Behind his shed, Poppa kept a garden where we grew the best cantaloupe in town, corn so sweet and the biggest, blood red tomatoes you ever saw.

One July, he picked all of his tomatoes, sold them to a local market for $2 a pound, brought the rest to us in a cardboard box that bowed in the middle from the weight. They were softball sized, others as big as his cantaloupe. He believed in the magic of his farm’s top soil, how investing a little time could make all the difference.

The next day, he was back in, preparing the earth for new plants, plucking weeds, when a sharp pain caught  in his left shoulder. As he struggled to breathe, his knees collapsed into the dirt.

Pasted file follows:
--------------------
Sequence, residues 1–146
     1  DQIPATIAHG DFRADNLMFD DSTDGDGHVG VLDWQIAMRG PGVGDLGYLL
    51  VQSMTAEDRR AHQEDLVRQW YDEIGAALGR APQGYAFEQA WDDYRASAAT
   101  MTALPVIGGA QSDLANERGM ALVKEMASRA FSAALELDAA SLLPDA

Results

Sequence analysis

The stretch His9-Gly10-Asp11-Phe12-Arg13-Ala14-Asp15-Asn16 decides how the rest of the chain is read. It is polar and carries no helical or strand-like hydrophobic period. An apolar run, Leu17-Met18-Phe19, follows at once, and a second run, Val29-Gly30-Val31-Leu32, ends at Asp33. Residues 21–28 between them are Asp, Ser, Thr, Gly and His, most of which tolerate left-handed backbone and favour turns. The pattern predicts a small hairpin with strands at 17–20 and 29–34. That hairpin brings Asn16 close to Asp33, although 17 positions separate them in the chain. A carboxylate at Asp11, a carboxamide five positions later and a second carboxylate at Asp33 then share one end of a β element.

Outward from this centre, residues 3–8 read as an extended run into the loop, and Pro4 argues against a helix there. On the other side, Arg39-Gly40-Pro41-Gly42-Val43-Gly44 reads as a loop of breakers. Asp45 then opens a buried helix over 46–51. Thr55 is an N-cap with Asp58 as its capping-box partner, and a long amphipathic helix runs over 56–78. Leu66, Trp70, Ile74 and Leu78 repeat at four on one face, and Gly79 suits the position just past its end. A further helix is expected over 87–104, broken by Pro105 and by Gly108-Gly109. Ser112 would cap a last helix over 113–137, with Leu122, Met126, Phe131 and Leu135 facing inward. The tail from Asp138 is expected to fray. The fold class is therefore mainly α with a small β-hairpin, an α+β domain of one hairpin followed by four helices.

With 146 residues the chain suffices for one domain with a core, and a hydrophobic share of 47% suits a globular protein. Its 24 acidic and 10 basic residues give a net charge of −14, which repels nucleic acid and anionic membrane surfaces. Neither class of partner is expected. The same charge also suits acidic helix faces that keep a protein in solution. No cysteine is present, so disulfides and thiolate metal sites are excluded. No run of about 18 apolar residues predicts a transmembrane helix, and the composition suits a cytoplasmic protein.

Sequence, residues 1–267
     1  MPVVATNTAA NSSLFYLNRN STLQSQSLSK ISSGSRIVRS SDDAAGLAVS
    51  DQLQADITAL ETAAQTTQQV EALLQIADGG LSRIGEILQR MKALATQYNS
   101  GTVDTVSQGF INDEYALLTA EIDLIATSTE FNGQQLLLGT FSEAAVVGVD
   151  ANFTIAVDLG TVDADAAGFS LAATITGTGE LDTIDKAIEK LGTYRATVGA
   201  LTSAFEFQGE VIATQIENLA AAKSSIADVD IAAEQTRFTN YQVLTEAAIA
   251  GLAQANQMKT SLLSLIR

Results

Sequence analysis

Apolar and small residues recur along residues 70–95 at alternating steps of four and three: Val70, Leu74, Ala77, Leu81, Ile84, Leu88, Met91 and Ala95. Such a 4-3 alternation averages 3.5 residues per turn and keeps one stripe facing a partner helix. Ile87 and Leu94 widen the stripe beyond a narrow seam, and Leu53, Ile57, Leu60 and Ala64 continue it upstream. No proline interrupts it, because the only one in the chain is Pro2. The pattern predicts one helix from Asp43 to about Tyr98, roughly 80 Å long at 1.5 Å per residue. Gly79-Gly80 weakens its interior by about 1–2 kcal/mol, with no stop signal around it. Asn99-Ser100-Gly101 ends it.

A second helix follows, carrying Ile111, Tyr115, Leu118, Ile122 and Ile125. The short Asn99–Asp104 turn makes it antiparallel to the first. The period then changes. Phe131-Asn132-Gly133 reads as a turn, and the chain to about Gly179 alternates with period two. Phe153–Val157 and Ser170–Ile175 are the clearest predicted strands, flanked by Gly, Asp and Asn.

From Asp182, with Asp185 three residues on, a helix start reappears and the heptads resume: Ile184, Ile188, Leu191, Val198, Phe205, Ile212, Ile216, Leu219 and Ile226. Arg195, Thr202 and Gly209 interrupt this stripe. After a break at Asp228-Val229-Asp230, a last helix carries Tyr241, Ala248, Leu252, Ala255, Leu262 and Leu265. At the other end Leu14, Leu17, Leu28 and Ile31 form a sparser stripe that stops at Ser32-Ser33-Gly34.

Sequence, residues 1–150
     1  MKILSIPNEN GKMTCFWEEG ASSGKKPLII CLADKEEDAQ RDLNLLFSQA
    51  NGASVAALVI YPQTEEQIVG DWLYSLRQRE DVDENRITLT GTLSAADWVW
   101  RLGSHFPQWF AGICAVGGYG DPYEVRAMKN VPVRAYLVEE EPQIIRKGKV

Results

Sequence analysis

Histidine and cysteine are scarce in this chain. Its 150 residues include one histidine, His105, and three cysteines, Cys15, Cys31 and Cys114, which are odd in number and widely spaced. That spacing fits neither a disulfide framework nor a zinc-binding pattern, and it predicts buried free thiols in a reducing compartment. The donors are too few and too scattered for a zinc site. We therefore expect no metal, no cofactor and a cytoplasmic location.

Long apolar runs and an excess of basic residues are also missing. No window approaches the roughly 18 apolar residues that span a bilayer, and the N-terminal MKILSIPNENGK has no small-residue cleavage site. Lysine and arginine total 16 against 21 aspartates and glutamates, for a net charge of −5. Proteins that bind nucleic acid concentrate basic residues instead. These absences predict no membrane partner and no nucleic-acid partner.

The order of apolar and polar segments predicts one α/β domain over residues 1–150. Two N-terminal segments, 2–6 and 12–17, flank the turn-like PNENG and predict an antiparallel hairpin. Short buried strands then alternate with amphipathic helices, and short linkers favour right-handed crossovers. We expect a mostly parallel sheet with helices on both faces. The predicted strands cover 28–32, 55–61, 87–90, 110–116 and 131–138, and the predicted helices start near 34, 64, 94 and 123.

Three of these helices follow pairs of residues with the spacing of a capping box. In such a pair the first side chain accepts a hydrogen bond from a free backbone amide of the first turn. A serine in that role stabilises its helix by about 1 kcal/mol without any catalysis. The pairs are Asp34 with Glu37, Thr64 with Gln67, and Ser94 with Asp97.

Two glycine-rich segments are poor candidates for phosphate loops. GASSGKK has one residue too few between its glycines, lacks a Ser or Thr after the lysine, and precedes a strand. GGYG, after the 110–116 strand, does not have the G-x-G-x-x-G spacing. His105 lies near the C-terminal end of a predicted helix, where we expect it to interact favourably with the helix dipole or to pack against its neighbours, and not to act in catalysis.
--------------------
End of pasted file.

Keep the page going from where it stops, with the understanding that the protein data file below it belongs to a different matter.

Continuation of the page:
A week later, I came home to the cardboard box. A single, heart shaped tomato was waiting. It had over ripened, sitting in a puddle where it had begun to soften and mold.

I could have thrown it away but I didn’t.


Jenny Billings Beaver has been writing poetry since elementary school and was first published in her local newspaper in the sixth grade. She received her BA in English from Wake Forest University and her MFA in creative writing (in poetry) from Queens University of Charlotte. A native North Carolinian, Jenny lives in Charlotte with her newlywed husband, Justin and Shih Tzu, Tola. Formerly teaching high school English, she now works as an English Adjunct Professor at Rowan Cabarrus Community College and as a freelance writer for the Charlotte Observer.


  1. […] Appeared in Sliver of Stone, April 2012 Share this:FacebookEmailLike this:LikeBe the first to like this. […]

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